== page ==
Part II: Setting Me Up For The Fall
“I’m sorry, son,” the middle-aged cop with kind eyes said. “The video only caught their backsides as they ran away, then the light appeared and they were gone.
I sighed miserably, looking at the group of cops and campus security.
“No one, not even the students who chased them, saw where they went?” I asked, and the entire team shook their heads. How was it I was almost abducted, and my kidnappers got away scot-free?
“This doesn’t make any sense,” I said for the umpteenth time to the cops. “I’m a nobody. I was a foster child until last month when I turned eighteen. I don’t have money or anything to entice anyone.”
I knew they were at as much of a loss as I was. Luckily, as I was about to descend into a deeper state of despair, Mr. and Mrs. Beecham showed up to rescue me from the horror of the day.
I followed them to a more private area next to the circulation desk and snuggled into Mrs. Beecham. “I just don’t get it,” I repeated to them.
Both my foster parents exchanged furtive glances before Mr. Beecham said, “We think you should come home instead of going out tonight.”
I shrugged. “I still need to study, but I’m not really in the mood to hang out with Parker or his brother tonight. I just want to go home.”
My foster parents exchanged another odd look, which, if circumstances were different, I’d feel defensive about. They only seemed to do this silent communication when I’d done something really off, like destroying their new refrigerator. Besides, I wanted time to think about what, if anything, I could’ve done to cause the two would-be kidnappers to come after me. I tossed the bike into the trunk and climbed in.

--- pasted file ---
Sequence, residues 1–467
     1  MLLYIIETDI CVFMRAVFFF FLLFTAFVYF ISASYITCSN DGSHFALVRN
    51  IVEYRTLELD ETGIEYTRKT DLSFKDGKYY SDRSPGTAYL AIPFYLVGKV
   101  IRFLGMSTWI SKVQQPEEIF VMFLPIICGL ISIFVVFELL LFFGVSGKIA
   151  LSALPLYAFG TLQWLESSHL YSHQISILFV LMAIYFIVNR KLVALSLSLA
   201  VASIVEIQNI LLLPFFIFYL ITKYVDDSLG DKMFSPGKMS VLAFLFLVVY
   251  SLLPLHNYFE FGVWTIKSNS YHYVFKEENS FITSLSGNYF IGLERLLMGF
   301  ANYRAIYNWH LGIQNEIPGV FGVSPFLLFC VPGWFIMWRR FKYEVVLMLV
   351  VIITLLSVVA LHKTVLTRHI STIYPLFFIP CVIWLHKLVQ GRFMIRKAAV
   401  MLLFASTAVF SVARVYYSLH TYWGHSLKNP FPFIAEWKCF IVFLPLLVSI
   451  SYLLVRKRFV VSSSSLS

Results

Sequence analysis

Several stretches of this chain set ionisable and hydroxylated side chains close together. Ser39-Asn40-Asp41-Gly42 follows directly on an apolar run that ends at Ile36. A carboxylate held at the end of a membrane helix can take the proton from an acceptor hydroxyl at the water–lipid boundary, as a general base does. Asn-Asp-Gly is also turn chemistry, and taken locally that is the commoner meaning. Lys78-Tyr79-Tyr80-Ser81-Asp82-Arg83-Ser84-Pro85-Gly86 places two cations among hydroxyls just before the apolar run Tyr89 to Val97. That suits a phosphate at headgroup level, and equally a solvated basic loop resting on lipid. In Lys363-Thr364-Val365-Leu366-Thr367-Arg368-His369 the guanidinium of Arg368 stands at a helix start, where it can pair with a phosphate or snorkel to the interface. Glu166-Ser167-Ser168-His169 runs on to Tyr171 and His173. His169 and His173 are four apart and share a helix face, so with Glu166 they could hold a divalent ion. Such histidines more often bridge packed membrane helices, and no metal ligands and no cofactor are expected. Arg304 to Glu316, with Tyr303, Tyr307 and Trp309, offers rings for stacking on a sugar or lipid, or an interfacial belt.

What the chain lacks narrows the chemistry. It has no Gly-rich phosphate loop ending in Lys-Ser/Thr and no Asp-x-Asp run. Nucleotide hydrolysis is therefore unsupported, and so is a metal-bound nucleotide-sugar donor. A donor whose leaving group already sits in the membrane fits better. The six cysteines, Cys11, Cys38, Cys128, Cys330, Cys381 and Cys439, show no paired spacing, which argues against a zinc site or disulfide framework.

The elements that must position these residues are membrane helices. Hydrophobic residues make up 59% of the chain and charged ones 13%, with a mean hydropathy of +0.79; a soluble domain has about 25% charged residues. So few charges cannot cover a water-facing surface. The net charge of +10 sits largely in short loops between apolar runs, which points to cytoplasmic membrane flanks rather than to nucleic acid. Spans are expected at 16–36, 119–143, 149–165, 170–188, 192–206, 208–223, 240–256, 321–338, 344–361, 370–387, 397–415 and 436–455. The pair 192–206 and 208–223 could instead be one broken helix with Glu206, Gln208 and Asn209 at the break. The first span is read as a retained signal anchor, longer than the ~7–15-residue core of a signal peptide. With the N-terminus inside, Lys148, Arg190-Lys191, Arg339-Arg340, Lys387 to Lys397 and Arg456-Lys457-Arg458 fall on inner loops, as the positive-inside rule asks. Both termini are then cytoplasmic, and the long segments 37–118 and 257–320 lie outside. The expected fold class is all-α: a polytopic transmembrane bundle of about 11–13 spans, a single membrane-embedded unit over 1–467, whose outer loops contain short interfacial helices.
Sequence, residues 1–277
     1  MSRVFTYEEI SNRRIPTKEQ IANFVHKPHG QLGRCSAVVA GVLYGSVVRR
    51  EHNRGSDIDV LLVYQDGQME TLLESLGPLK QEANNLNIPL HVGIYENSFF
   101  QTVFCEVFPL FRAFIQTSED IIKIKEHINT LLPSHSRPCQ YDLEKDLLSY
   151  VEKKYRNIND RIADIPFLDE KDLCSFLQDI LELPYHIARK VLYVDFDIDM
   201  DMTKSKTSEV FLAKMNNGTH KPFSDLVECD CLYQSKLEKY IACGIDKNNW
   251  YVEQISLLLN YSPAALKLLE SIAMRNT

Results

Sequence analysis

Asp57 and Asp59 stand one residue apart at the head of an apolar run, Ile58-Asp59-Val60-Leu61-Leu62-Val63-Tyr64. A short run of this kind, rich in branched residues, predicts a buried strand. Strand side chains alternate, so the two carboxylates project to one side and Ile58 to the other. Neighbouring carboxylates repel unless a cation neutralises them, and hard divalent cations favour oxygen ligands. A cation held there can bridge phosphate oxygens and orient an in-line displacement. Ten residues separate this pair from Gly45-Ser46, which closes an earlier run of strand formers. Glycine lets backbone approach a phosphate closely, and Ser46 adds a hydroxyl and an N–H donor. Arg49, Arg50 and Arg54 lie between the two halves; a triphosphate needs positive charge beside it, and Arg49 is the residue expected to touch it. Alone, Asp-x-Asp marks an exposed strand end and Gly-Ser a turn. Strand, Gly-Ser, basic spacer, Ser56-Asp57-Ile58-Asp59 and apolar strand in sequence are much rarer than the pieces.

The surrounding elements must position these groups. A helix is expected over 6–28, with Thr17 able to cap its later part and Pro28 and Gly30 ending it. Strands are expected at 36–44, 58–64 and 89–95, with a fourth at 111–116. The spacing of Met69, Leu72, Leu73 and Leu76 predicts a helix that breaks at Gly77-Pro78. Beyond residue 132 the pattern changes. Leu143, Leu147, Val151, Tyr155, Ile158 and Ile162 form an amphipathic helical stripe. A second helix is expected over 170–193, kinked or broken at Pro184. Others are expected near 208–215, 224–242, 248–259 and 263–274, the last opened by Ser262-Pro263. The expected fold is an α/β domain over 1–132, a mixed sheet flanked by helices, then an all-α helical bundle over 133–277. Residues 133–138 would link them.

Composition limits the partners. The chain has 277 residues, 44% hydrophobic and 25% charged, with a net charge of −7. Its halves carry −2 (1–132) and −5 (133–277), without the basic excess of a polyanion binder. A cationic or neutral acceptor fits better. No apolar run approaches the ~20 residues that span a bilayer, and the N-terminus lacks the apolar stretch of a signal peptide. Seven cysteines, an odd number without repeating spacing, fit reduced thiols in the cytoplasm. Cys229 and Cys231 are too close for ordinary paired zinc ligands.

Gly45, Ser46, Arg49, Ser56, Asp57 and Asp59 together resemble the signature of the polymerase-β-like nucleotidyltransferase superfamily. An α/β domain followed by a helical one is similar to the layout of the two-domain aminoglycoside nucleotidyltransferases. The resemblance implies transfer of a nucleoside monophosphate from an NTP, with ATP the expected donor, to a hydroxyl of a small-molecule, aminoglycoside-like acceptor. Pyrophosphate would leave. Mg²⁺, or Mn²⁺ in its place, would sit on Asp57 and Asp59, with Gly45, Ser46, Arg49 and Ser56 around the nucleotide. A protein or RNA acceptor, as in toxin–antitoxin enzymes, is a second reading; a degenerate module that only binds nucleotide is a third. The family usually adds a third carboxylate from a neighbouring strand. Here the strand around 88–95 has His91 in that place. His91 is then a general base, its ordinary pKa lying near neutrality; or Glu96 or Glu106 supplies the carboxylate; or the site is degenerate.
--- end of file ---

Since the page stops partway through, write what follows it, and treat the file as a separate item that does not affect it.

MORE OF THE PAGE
As the adrenaline began to leave my system, I almost fell asleep riding back to our house. When we pulled into the driveway, I got out and was abouty to head upstairs to my room when Mr. Beecham asked me to hang out downstairs for a moment. “Your foster mother and I have some things we’d like to discuss with you,” he said.
Oh shit, what’ve I done now? I wondered. Please don’t be telling me it’s time to move out or something, not after today.
I schooled my facial expressions and shrugged, then went into the living room and plopped down in the large recliner Mr. Beecham usually used.
“Are you hungry?” Mrs. Beecham asked.
“Not really. My stomach is still tied up in knots.” That was especially true now as I was preparing for whatever they were about to tell me.
She nodded and sat across from me, next to her husband.
“Sweetheart, Godfrey and I have some things we need to discuss with you.”
When I looked at their faces, I felt my world drop. “You’re kicking me out, aren’t you?” I asked. I knew the state had stopped providing assistance when I turned eighteen, and even though it wasn’t much, it was something, and my clumsiness did cost them money. I didn’t think the Beechams would be able to afford to keep me here without some assistance, and as it was, I was flat broke.
“Oh Lord, honey, why would you ask a thing like that?” Mrs. Beecham asked.
“No, this has to do with who you are,” Mr. Beecham added.
I looked at the couple with confusion. “Who I am is a foster kid or former foster kid. I don’t have two nickels to rub together, and apparently, I have people who want to kidnap me."
“Well, that’s why we need to talk,” Mr. Beecham replied.
NEXT WEEK: Prepare to meet Claciticus or Clack, Elvin Guard to the King.